IT sector - comfortably numb

Regional apathy is a major problem for the IT sector, but what's the solution to jolt managers out of apathy, asks Eliot Beer.

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By  Eliot Beer Published  November 12, 2007

Today I read two - apparently unrelated - items that caught my eye from the various e-mails that pass through my inbox. The first, a forward from a colleague, was a link to a survey suggesting most IT managers see music downloading as a threat - but the vast majority do nothing to prevent it on their networks.

The second, a newsletter from AMR Research, offered an anecdotal account of IT managers' approaches to datacentre power consumption. When asked in an informal situation by the editor if they are concerned about high energy costs for datacentres, IT chiefs generally responded with the following comments: "Huh?" "I never see that bill," "Our datacentres are not huge like Google's," and "I have no idea. Please pass the Tabasco."

The AMR newsletter editor predicts that this attitude will change within the next few years - at least for IT managers in areas with high power costs. But what's more interesting to me is the extreme levels of apathy that are apparent from both of these nuggets of information - and how much it chimed with the impression of the Middle East's IT sector.

While apathy among IT managers is a global phenomenon, it is one which is more prevalent in the Middle East than most of the rest of the world. IT professionals in this region are commonly seen dismissing a whole range of IT issues, such as energy consumption, security, disaster recovery and business continuity - and even return on investment - with blasé and overconfident statements that suggest their enterprises are fine, or that the issue is not important.

One recent regional example saw a delegate at an IT symposium state - without apparent irony, or concern - that his consumer-facing organisation kept its customer records on laptops. Other delegates were reported to be unimpressed.

I don't want to overstate this issue - there are many fine, and indeed world-class IT professionals working in the region; but sadly, they seem to be outnumbered by journeymen (and women) who are just marking time with their IT infrastructures. This complacency is a problem - for individual organisations, and for the Middle East as a whole.

There are plenty of reasons for these apathetic attitudes: a lack of money, resources and real responsibility for IT managers probably contributes a lot. The latter especially can be a major disincentive to institute change - having no actual power usually means having no real incentive to succeed.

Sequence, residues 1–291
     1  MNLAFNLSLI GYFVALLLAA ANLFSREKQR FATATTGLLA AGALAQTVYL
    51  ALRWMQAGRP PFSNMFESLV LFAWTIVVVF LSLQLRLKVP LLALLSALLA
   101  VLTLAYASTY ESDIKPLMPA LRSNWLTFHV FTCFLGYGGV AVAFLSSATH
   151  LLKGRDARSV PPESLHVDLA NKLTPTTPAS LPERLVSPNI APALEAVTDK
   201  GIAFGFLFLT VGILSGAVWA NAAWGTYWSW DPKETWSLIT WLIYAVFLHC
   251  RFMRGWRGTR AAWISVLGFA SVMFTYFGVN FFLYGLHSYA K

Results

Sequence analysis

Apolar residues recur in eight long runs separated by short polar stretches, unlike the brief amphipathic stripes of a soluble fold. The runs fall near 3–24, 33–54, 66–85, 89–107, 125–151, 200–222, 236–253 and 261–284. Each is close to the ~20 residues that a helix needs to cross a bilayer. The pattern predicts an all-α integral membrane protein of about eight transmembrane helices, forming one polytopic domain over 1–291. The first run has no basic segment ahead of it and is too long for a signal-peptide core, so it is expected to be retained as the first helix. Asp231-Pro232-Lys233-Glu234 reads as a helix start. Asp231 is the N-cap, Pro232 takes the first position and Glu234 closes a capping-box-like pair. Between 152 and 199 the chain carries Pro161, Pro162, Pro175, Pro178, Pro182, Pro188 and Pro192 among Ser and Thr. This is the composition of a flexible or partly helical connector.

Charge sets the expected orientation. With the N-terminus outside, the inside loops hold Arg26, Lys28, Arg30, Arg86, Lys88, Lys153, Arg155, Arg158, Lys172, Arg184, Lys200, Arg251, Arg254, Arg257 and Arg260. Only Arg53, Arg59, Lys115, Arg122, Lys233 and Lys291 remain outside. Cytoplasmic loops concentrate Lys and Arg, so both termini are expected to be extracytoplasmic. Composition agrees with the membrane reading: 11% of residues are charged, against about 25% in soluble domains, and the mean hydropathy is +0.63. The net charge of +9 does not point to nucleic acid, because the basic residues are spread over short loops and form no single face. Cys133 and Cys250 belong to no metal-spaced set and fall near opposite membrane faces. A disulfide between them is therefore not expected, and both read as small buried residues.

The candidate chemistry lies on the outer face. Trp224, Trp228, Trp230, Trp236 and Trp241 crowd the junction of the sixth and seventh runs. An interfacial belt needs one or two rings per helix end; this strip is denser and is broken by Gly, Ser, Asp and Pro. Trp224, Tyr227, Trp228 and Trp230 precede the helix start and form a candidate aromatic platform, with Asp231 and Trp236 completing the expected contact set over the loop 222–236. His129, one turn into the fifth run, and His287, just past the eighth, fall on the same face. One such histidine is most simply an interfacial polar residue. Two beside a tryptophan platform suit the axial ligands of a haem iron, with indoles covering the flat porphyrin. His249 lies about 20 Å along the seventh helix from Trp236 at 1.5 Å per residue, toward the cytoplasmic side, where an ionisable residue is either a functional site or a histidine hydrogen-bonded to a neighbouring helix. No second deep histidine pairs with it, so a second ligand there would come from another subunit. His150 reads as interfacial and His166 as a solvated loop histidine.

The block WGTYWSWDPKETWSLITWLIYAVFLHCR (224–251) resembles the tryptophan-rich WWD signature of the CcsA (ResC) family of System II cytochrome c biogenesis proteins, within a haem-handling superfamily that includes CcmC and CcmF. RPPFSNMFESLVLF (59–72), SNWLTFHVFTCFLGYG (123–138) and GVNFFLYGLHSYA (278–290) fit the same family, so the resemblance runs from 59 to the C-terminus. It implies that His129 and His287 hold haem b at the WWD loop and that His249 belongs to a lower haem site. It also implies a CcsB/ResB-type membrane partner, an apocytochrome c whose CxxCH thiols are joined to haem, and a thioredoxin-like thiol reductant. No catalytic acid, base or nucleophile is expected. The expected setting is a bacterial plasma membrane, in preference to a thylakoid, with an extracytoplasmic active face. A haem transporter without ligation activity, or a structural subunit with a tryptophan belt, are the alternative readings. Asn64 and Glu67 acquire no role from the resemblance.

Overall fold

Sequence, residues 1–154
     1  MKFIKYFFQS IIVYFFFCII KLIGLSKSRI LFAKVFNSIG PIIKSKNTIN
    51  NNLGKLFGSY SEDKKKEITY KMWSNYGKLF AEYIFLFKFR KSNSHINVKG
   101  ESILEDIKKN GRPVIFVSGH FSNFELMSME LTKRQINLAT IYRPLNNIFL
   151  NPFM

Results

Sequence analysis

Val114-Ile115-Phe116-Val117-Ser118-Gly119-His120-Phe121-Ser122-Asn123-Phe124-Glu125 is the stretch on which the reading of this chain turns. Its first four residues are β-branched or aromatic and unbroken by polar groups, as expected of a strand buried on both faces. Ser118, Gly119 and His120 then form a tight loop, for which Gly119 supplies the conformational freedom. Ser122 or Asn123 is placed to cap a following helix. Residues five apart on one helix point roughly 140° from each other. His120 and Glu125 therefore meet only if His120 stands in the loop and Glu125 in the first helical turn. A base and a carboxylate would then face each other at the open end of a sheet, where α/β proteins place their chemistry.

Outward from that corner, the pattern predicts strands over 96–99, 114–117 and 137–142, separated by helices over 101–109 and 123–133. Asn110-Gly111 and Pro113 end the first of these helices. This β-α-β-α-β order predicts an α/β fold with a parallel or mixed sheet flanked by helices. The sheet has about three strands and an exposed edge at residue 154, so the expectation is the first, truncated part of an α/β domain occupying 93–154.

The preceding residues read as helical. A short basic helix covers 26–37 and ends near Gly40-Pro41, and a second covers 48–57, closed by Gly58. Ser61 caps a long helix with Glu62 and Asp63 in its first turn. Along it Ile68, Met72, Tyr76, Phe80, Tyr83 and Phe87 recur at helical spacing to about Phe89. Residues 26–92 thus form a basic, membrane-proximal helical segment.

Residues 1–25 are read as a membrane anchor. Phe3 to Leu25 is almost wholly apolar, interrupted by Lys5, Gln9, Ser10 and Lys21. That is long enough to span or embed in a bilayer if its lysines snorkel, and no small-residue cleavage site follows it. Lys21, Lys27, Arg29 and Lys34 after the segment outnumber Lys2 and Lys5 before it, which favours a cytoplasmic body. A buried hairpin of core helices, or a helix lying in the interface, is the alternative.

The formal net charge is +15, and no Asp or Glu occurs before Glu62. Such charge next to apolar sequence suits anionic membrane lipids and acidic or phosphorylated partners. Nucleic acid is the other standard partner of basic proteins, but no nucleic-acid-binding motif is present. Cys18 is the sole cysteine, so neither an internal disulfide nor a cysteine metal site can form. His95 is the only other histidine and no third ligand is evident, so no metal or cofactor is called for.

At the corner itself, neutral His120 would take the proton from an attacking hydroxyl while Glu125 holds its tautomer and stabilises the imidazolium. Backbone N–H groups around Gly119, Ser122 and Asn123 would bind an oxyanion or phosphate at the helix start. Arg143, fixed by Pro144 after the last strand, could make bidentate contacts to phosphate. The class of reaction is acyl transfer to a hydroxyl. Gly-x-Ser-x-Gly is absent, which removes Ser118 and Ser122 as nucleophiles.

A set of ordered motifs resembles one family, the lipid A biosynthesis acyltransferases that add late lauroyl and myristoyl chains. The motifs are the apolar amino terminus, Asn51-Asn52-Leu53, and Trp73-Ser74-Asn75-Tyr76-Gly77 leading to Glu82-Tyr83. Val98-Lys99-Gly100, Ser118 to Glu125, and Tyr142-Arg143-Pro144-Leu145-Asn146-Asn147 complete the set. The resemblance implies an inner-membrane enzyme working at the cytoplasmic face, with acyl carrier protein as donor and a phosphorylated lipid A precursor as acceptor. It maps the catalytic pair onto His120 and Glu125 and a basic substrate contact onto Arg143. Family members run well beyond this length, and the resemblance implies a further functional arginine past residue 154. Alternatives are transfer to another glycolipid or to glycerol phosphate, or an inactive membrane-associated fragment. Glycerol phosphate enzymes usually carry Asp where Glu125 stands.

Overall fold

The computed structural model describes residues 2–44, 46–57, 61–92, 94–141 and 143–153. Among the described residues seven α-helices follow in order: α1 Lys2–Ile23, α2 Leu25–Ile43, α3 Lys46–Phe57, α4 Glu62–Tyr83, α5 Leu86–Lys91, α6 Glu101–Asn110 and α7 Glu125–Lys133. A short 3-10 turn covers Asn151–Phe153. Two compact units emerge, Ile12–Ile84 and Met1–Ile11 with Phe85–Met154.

But the "what I don't know can't hurt me" approach seems to be almost officially condoned by the upper management of organisations in the region, whose rugs must be positively bulging with the inconvenient things swept under them.

Because yes - a lot of this stuff is inconvenient, and expensive and challenging. A well-executed disaster recovery plan is probably one of the most difficult projects an organisation will ever have to implement - but it is also probably the most critical, especially in a region sat on so many physical, political and economic fault lines.

So what's the answer? Well, the obvious one is "stop being apathetic" - this is probably also the least useful. We can also talk about industry education, peer review, contingency planning, external consultancy - but these may have little effect on many organisations.

The pessimistic view would suggest that only a major shock - natural disaster, security breach, economic meltdown - will be sufficient to jolt organisations and their IT managers awake. But hopefully - for all our sakes - there is some less extreme way to enliven IT professionals who have become comfortably numb.

What are your views on regional attitudes to IT issues? Do you think IT professionals do enough to safeguard their organisations? How can the industry improve its response to major IT issues? Write to eliot.beer@itp.com with your views.

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